The eczema ( synonym eczema ; from Greek ἔκζεμα eczema , Herausbrodeln, upsurge ') is a group of inflammatory skin diseases , resulting in a non-infectious inflammatory response express the skin. Eczema can be caused by different triggers. They are characterized by a typical sequence of skin reactions (reddening of the skin, blistering, oozing, crusting, flaking). Eczema are different criteria classified . The broader term dermatitis is often used as a synonym, although it also includes skin inflammations that are not eczema. In particular in Anglo-American usage, the term dermatitis is preferred instead of eczema . Even in the classification according to ICD-10 , there is no distinction between the names (see table).
Epidemiology and socio-economic importance
With a prevalence of 3 to 20 percent, eczema is the most common skin disease. The likelihood of developing eczema at least once in a lifetime is approximately 100 percent.
Eczema is very important as an occupational disease . With a number of 2,400 - out of a total of 9,400 in 2017 - the recognized cases account for the majority of recognized work-related illnesses in Germany. 90 percent of these cases are eczema. Due to absence from work, retraining, disability, but also treatment costs and expenses for skin care, there is a high financial burden for the health care system and those affected.
Although the different forms of eczema differ in terms of cause ( etiology ), disease development ( pathogenesis ) and typical clinical picture, they all have a typical eczema reaction. This manifests itself in a typical sequence of symptoms in different stages, which is most pronounced in contact eczema.
The acute eczema reaction begins with a light reddening of the skin , which is limited to the location of the skin irritation ( erythematosum stage ). In less severe cases, the eczema heals after a few days. In the event of a stronger reaction, small vesicles , rarely larger than the size of a pinhead , form, which are filled with clear fluid and are very itchy ( vesicolosum stage ). The blisters usually burst quickly and wet ( madidans stage ). After drying out, crusts form ( crustosum stage ). If the trigger of the eczema occurs only once, then scales form ( squamosum stage ) and the eczema heals. The acute stage is uniform and simultaneous.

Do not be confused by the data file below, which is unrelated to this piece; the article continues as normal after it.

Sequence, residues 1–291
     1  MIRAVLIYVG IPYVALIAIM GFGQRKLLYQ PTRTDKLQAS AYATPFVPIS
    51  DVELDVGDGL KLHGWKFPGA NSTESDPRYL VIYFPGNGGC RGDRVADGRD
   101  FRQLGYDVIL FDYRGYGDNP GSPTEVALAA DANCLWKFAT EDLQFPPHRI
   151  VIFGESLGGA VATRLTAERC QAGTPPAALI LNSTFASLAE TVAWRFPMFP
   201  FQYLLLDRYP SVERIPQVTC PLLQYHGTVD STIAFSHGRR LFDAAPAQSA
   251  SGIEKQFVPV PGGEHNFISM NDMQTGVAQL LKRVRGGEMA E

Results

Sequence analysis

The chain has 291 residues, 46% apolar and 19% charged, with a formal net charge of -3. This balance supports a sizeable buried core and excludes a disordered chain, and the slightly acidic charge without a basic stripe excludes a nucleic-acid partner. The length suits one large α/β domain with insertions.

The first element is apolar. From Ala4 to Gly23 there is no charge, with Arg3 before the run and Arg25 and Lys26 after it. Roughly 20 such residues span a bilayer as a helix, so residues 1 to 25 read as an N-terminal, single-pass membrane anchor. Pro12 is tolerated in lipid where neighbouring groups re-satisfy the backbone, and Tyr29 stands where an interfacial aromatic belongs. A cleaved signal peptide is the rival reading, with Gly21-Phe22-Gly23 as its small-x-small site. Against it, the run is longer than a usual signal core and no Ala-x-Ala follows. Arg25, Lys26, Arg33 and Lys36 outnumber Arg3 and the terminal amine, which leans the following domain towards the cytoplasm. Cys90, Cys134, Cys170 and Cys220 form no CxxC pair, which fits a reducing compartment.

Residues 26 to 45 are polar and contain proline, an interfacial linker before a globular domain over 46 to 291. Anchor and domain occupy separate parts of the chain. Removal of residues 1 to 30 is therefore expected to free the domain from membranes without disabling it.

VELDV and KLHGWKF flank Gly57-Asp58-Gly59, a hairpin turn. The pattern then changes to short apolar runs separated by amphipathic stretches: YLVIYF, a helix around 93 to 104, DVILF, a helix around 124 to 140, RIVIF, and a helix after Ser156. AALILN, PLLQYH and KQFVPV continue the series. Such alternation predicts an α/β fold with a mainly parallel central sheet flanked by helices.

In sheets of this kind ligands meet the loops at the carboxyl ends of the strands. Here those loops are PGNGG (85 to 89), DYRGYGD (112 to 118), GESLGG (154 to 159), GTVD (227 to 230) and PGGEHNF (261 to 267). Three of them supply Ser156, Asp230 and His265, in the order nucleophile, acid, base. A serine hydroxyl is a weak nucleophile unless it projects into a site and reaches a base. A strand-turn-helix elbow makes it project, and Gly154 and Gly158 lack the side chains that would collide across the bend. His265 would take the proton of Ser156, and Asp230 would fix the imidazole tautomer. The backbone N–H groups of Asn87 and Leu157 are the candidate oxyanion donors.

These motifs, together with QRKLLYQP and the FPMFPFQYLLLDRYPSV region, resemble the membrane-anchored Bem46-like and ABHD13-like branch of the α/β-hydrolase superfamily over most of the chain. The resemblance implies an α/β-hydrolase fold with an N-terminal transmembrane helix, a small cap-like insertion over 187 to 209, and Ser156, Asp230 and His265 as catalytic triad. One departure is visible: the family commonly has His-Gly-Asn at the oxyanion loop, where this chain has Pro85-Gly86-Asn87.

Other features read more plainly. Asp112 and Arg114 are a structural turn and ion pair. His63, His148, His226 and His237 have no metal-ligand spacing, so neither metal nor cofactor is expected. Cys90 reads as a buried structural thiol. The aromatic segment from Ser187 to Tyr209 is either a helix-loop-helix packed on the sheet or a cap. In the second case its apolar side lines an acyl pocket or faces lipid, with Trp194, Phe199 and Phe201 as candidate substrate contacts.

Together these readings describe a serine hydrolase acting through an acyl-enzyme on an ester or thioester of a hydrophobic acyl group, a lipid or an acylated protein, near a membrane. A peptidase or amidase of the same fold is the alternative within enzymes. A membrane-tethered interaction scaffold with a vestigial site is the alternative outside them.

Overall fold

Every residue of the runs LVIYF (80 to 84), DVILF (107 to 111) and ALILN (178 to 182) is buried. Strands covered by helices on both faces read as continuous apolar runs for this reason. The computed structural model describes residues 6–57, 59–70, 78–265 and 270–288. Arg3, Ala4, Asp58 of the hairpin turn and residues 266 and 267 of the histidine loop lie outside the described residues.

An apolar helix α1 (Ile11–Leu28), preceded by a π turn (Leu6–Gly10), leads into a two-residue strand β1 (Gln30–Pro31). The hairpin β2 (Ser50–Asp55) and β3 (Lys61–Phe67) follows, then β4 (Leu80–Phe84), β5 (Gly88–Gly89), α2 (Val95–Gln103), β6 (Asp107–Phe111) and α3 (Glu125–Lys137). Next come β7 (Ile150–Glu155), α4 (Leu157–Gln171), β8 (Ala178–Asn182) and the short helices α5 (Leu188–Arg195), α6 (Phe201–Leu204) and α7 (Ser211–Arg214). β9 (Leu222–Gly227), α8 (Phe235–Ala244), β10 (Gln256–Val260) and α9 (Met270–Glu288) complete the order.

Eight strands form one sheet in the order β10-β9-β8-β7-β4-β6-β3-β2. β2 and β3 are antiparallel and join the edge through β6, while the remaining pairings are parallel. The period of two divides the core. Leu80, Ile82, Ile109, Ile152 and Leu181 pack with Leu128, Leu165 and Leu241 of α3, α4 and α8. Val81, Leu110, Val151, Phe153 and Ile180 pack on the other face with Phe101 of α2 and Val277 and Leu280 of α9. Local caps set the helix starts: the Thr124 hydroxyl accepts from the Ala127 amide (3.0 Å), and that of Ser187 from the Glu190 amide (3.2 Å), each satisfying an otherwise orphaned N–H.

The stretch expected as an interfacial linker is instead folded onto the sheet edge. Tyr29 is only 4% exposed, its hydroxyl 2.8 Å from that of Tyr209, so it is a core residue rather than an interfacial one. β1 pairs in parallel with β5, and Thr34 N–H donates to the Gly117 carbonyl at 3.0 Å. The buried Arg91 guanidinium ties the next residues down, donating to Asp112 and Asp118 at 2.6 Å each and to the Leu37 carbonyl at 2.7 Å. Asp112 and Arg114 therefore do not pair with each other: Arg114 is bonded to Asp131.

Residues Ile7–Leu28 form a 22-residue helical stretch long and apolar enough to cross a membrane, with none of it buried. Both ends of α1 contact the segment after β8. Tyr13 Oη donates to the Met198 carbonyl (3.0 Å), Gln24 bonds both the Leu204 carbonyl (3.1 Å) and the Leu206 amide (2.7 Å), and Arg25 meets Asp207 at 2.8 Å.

If the trigger causes repeated or persistent irritation, the eczema does not heal and becomes chronic . The different forms of reaction (reddening of the skin, blisters, crusts, scales) occur simultaneously and alternately next to one another. In addition, inflammatory nodules and scratch-related traces develop. Eczema in the chronic stage is less sharply delimited. The skin swells. The result is a coarsened skin structure ( lichenification ).
As a complication of eczema, superinfections with bacteria or viruses can occur. A serious but rare complication that occurs mainly in atopic eczema is eczema herpeticatum caused by the herpes simplex virus .
Forms of eczema
Most of the forms of eczema can be traced back to three basic types:
A differentiated classification of the forms of eczema is possible according to different criteria. Eczema is differentiated according to the origin and development of the disease ( pathogenesis ), according to the location of the eczema and according to the characteristics of the histopathology and causes (etiology):
- according to pathogenesis
- Atopic eczema
- Allergic contact eczema
- Toxic contact eczema
- Desiccation eczema
- Seborrheic eczema
- Congestive eczema (symptom of chronic venous insufficiency )
- Photoallergic eczema
- Post scabious eczema
- according to location
- Hand eczema
- Foot eczema
- Fingertip eczema
- Intertriginous eczema
- Perioral eczema ( cheilitis simplex, not to be confused with perioral dermatitis )
- Anal eczema
- Scrotal eczema
- according to morphological or etiological peculiarities
- Dyshidrotic eczema
- Microbial eczema
- hyperkeratotic-rhagadiform eczema
- Lichen simplex chronicus
- Light eczema
The therapy of eczema takes place according to the stage and usually externally with ointments . The consistency of the ointment base should be chosen to match the condition of the skin: the more acute and weeping the eczema, the higher the water content must be. If crusts and flakes form, a greasy ointment base is chosen to regenerate the skin. Ointments can also be applied in the form of compresses . The inflammatory reaction is suppressed with glucocorticoid ointments. Bacterial superinfections are treated with antibiotic or antiseptic ointments.
Depending on the form of eczema, the avoidance of triggers such as allergens or irritating substances is of central importance .
- Peter Fritsch: Dermatology and Venereology . Springer Verlag, Berlin 2004, ISBN 3-540-00332-0 , pp. 180 ff .
- P. Altmeyer: Entry eczema . In: Encyclopedia of Dermatology, Venereology, Allergology, Environmental Medicine . 2002, ISBN 3-540-41361-8 ( online [accessed November 2, 2017] online version 2007).
- Article Recognized Occupational Diseases on hautsache.de, accessed on November 1, 2017